Thursday, May 17, 2012

It's Not Just Our Organization that Gets Problem Interns

So yesterday Dean Dad posted about non-prepared interns.

Apparently everyone has problems with interns. We pay our interns. We pay them anywhere from $13 to $15 an hour. To put this in context, this is about double minimum wage or about what you might earn from teaching two summer classes.

The reason why we have interns is that we are strongly encouraged to do so. This encouragement comes in the form of money to pay them.

Let me take a moment to say that I have a different metric from assessing interns than some of the commenters on Dean Dad's post. I do not care when the interns arrive nor when they leave, as long as they do not lie on their time sheet about the number of hours that they were at work. They can wear whatever they want; my own outfits are not always unambiguously workplace-appropriate. They don't need to be able to write coherent email or communicate with other people on a regular basis.

We are a computing group and involved in research. Almost everyone on staff has at least a masters degree. Not because we are intellectual snobs but because we do sophisticated scientific work that requires a significant amount of domain-specific knowledge. Add to this that we deal with some pretty quirky stuff, and things get even more complicated.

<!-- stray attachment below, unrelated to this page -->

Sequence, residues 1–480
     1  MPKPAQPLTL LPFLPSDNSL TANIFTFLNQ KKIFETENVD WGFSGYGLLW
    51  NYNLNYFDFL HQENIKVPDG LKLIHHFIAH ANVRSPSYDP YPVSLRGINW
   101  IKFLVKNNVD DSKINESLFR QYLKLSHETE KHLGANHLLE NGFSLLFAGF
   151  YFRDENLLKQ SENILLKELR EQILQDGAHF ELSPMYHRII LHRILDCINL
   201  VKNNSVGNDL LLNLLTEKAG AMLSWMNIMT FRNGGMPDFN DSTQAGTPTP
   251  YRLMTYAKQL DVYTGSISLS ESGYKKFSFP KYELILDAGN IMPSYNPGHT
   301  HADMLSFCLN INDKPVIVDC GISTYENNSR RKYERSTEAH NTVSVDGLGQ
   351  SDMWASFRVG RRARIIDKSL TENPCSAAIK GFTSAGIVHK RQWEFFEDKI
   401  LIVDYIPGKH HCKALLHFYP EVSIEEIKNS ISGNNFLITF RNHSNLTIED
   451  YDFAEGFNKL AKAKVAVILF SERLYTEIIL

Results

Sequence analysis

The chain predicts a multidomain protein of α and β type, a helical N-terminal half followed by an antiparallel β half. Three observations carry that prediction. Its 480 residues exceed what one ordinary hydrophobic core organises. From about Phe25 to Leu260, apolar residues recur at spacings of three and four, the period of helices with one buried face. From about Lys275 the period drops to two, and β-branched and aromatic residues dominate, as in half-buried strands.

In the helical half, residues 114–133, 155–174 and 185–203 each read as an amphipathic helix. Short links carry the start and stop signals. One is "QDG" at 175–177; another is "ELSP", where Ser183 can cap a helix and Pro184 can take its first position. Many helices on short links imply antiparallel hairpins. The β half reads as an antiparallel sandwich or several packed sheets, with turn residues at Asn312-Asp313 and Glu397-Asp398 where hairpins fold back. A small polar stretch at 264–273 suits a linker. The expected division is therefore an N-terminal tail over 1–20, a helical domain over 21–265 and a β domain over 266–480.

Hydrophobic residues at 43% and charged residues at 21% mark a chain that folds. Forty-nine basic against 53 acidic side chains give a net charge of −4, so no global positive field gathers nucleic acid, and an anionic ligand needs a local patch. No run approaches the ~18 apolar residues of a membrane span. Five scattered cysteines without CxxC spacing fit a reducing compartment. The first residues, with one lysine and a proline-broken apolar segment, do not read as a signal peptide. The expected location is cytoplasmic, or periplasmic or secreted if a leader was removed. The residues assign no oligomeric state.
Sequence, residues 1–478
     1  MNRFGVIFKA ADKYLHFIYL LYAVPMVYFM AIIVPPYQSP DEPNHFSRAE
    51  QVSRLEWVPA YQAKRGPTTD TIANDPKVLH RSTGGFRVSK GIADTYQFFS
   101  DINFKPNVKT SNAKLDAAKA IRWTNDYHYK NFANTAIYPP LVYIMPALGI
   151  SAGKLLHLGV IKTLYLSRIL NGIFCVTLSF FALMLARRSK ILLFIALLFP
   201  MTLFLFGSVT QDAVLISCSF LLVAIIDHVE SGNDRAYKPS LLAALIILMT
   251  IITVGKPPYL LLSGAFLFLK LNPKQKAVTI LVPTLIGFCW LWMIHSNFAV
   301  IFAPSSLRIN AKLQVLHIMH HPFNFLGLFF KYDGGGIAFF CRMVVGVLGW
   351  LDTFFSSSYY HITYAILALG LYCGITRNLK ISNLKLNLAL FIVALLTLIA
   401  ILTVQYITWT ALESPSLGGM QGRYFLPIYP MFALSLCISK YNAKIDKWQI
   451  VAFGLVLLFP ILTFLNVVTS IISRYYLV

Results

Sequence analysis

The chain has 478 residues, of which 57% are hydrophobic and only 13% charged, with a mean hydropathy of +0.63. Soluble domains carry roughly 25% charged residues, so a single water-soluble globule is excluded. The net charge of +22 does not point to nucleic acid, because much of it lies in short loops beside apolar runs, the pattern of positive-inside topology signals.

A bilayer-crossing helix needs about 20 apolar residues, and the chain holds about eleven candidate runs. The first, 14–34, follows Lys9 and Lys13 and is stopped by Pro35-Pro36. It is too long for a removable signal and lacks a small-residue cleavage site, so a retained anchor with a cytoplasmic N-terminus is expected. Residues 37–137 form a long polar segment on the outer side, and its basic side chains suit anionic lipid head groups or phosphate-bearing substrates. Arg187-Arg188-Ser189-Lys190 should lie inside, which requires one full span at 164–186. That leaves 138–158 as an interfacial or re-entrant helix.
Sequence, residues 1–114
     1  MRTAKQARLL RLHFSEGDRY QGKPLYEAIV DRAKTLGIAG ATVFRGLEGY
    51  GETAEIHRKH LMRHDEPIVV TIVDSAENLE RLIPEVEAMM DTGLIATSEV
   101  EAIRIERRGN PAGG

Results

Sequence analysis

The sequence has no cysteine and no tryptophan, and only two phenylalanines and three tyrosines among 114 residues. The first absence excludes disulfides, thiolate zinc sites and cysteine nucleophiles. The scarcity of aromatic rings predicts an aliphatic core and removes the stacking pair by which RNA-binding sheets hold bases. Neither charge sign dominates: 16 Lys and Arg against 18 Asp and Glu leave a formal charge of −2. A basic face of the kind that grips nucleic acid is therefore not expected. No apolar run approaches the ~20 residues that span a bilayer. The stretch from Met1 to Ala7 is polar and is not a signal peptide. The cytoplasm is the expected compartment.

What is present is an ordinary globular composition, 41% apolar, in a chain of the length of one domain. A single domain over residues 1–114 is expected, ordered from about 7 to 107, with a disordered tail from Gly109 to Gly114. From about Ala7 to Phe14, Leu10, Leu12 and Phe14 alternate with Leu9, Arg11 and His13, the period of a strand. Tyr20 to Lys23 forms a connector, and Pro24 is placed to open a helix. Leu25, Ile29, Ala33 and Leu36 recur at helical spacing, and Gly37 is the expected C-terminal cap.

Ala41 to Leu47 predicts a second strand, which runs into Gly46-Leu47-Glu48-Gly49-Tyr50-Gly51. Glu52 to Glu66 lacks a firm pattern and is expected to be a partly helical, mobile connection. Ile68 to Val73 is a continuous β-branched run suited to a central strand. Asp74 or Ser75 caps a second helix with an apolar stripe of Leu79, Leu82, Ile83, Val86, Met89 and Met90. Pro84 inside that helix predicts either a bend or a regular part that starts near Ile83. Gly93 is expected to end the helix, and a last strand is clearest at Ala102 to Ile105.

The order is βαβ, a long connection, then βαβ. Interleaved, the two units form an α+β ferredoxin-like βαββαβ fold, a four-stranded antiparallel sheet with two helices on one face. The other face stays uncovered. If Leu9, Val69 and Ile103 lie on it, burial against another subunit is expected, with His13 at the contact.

I realize that there is only so much that you can expect undergraduates to know, but if they are going to be able to work here, they need to know something relevant. Programming in C or Fortran -- and none of the "I'm afraid of pointers" stuff that you sometimes hear from undergraduates. Or database and scripting skills. Or knowing linux well enough to be useful as a minion to a sysadmin. But you need to know something. We can deal with students who have never worked on a really large project, who have never used version control software, and who have never programmed for our particular architecture.

We do not do any photocopying. Everyone makes his own coffee. Our admin staff spend a lot of their time dealing with complicated budget issues that are subject to so many rules that they require training in accounting and frequent consultations with the campus lawyers.

You need a few semesters of specialized training before you are even qualified for our scutwork.

Unfortunately there is no program that will give us money to hire unemployed adjuncts with masters degrees who can't get summer teaching and bring them on for the summer so that they can build their skills and their resumes to the point where they can be competitive candidates for non-academic jobs.